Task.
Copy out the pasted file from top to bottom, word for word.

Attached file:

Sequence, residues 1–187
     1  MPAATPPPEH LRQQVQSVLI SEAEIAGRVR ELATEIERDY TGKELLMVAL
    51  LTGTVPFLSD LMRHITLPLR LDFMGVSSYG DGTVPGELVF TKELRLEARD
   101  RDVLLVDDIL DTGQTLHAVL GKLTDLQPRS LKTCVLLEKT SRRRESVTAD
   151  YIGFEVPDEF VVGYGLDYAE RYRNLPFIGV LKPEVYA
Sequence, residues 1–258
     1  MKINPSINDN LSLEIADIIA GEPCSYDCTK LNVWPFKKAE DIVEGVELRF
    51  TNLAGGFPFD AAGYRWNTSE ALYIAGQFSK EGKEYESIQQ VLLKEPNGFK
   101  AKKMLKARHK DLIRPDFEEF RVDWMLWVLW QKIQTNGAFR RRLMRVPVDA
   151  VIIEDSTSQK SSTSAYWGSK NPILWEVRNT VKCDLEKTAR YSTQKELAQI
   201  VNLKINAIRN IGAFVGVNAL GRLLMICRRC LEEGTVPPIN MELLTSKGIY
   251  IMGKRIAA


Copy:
Sequence, residues 1–187
     1  MPAATPPPEH LRQQVQSVLI SEAEIAGRVR ELATEIERDY TGKELLMVAL
    51  LTGTVPFLSD LMRHITLPLR LDFMGVSSYG DGTVPGELVF TKELRLEARD
   101  RDVLLVDDIL DTGQTLHAVL GKLTDLQPRS LKTCVLLEKT SRRRESVTAD
   151  YIGFEVPDEF VVGYGLDYAE RYRNLPFIGV LKPEVYA
Sequence, residues 1–258
     1  MKINPSINDN LSLEIADIIA GEPCSYDCTK LNVWPFKKAE DIVEGVELRF
    51  TNLAGGFPFD AAGYRWNTSE ALYIAGQFSK EGKEYESIQQ VLLKEPNGFK
   101  AKKMLKARHK DLIRPDFEEF RVDWMLWVLW QKIQTNGAFR RRLMRVPVDA
   151  VIIEDSTSQK SSTSAYWGSK NPILWEVRNT VKCDLEKTAR YSTQKELAQI
   201  VNLKINAIRN IGAFVGVNAL GRLLMICRRC LEEGTVPPIN MELLTSKGIY
   251  IMGKRIAA